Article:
Recruiting doctors, nurses, therapists and aides is one of the biggest issues Cal Hiner faces as administrator of Tri-County Hospital in Lexington. And recruiting bilingual staff to serve the hospital's many Hispanic and African patients is even more difficult, though improving communication is a priority.
Hiner, who has headed the hospital for 25 years, saw Lexington undergo profound and significant changes when Iowa Beef Processors (IBP) bought the old Sperry-New Holland plant in 1990. The demographics of Lexington changed so significantly that the town is a completely different place than it was 20 years ago, he said. Now, the community is 50 percent Hispanic. A few people from Sudan and Somalia have also moved to Lexington to work at what is now Tyson Fresh Meats, Inc. Because of the Sudanese and Somalis, Swahili and Arabic languages have been introduced to the community in addition to Spanish. There is talk that people from other countries will soon move into Lexington, bringing even more languages and cultural complexities to this south-central Nebraska community of 11,000.
Hiner clearly remembers when he thought he had secured a married couple - both doctors - to move to Lexington to practice medicine in 1989 or 1990. When he learned that IBP planned to remodel the Sperry-New Holland plant as a beef processing facility, Hiner called the couple to tell them the news. Initially, they said it wouldn't bother them. But within two weeks, Hiner had received a letter from the couple saying they had decided not to come, suggesting that the change in the community did not meet their requirements for a place to live and raise a family. They told Hiner they didn't think they were racist, but they realized they were.
"One of the hardest things to do here is to recruit young professionals to come here and raise kids.
"And that's how it began," he said, referring to the difficulties in attracting skilled workers to Lexington. "One of the hardest things to do here is to recruit young professionals to come here and raise kids," he said, not unlike many smaller communities. For example, it took two years to recruit an additional physical therapist. Hiner said he doesn't think they'll ever find any bilingual nurses; "they're in Mexico. They don't have any reason to leave."
Communication issues are important, but difficult to manage. The hospital employs three bilingual interpreters full-time and one bilingual nurse aide. Lexington has one bilingual doctor. Hiner said the hospital staff finds it difficult to provide the same care to non-English-speaking patients as to English-speaking patients. "A component of the notion of quality care is that everyone gets the same care regardless of their status of insurability or color. That's not always all that easy to do. You understand English, but another person doesn't understand English-so are we going to be able to serve this patient who can't speak English as well as we can serve you? We need to be able to say we do that, but there are times when we can't say we do," he said.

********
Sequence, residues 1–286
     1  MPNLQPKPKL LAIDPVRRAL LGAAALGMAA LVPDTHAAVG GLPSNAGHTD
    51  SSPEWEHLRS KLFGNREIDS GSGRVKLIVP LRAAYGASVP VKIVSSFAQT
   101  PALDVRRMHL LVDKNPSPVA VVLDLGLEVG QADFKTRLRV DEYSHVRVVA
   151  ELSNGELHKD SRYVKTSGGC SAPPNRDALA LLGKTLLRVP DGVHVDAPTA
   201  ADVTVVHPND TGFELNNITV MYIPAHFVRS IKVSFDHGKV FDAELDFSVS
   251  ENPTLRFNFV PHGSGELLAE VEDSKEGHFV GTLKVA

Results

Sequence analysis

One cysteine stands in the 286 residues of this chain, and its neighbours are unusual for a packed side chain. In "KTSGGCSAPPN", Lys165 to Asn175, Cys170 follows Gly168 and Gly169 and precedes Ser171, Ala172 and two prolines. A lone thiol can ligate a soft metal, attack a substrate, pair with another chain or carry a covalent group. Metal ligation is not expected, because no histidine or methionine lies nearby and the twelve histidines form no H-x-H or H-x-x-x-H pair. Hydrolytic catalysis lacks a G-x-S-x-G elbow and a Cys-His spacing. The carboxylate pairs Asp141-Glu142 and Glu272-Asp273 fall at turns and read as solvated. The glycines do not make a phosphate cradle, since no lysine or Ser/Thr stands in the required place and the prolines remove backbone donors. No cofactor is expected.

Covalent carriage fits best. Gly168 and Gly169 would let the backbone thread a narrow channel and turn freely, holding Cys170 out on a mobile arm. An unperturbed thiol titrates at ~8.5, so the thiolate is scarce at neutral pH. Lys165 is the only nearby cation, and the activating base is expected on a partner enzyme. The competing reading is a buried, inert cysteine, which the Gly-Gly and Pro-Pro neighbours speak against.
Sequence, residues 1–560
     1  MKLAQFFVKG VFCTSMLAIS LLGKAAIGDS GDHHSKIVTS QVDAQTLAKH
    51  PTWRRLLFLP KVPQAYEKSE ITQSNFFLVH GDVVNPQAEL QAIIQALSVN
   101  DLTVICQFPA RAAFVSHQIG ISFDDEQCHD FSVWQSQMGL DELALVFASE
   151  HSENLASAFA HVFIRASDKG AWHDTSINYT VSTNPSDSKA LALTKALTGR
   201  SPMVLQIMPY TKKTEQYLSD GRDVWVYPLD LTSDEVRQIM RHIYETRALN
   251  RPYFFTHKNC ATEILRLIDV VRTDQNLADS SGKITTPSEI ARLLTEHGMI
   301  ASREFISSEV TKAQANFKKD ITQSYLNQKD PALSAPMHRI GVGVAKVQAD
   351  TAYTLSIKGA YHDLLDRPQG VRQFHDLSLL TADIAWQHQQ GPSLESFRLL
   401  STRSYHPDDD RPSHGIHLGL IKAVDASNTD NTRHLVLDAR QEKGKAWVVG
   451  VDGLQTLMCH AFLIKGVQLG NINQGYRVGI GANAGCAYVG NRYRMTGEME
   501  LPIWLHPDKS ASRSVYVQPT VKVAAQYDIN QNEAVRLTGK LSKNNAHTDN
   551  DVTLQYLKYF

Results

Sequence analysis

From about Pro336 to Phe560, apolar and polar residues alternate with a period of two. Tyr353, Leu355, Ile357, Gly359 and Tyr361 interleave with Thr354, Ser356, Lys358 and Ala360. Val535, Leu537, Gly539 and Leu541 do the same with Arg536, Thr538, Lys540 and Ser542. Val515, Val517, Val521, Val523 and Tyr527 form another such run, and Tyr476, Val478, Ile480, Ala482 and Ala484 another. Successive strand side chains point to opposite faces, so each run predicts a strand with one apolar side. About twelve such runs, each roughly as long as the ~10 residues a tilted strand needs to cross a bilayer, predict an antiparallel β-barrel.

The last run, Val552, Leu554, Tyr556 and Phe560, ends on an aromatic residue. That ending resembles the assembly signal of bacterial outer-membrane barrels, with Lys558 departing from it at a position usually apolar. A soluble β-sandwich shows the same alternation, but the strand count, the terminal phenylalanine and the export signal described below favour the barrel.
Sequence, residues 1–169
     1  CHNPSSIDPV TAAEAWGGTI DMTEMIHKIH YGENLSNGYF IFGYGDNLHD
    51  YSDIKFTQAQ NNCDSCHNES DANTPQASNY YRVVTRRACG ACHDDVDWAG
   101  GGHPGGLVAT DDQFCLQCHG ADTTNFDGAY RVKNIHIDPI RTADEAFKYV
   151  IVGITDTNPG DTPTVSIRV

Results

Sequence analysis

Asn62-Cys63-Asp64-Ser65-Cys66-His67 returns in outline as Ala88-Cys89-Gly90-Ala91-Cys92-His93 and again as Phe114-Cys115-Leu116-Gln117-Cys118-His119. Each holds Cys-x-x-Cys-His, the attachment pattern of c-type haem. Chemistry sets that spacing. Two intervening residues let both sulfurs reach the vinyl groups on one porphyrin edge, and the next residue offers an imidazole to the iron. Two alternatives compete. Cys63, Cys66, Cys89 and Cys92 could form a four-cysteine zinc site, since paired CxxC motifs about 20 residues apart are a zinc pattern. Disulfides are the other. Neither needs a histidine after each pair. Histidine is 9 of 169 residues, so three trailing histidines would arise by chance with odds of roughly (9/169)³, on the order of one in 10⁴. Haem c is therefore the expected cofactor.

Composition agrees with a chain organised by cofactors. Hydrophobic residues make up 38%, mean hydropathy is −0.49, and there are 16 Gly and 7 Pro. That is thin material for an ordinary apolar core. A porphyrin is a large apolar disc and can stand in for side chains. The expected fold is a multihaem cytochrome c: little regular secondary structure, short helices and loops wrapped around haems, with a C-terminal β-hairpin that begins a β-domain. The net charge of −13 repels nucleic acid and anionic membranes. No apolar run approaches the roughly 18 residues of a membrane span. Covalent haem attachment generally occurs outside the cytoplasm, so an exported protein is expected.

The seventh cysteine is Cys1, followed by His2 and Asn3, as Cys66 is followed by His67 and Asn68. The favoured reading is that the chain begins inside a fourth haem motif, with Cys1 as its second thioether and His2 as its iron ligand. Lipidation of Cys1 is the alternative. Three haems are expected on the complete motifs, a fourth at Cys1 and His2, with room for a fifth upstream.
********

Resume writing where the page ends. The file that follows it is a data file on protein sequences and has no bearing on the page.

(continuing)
Hiner isn't optimistic about the hospital's ability to attract interpreters who speak Swahili, Dinku, Arabic or any of the other languages spoken by the newest arrivals in Lexington, though the hospital continues to try.
The communication issue hinders the hospital's efforts to provide health education, as well. The Hispanic population is young, and there are many births in that age group. And, Hiner said, the Hispanic population has a high rate of diabetes, so the hospital provides diabetes education as well as prenatal education. Participation in these sessions isn't good enough, but is getting better. "Another thing they have to learn is to trust us," he added. He that trust will come over time, as the hospital continues to move forward and provide outreach services.
Cultural issues such as family involvement and adherence to a time schedule are other obstacles the hospital faces with both the Hispanic and African residents. A patient may arrive a couple of hours late for an appointment and expect to receive services, Hiner said, but is difficult to accommodate that sort of scheduling. "It just doesn't work," he said.
The Hispanic culture also enjoys doing things together, but Tri-County Hospital isn't set up to handle the many family members who often accompany patients to appointments, births and surgeries. The solution appears to be a new waiting area for family, which is part of the new construction the hospital is planning.
Within the next four years, Tri-County Hospital construction plans include the addition of the new waiting area, and also an expansion of the radiology department with a new MRI, an expansion of the lab, a new surgery wing, a new dietary department and an expansion of specialty clinics and health information. Part of the planned improvements have already begun, Hiner said; "we're stretching ourselves a bit to see that we have electronic medical records and a filmless radiology department." Tri-County will soon have digital mammography, too; one of the first hospitals in the region to have it.
"We're never going to have a lot of the things larger hospitals have, but we're trying to match our technology with our primary-care role and trying to keep current and on the cutting edge," Hiner said.
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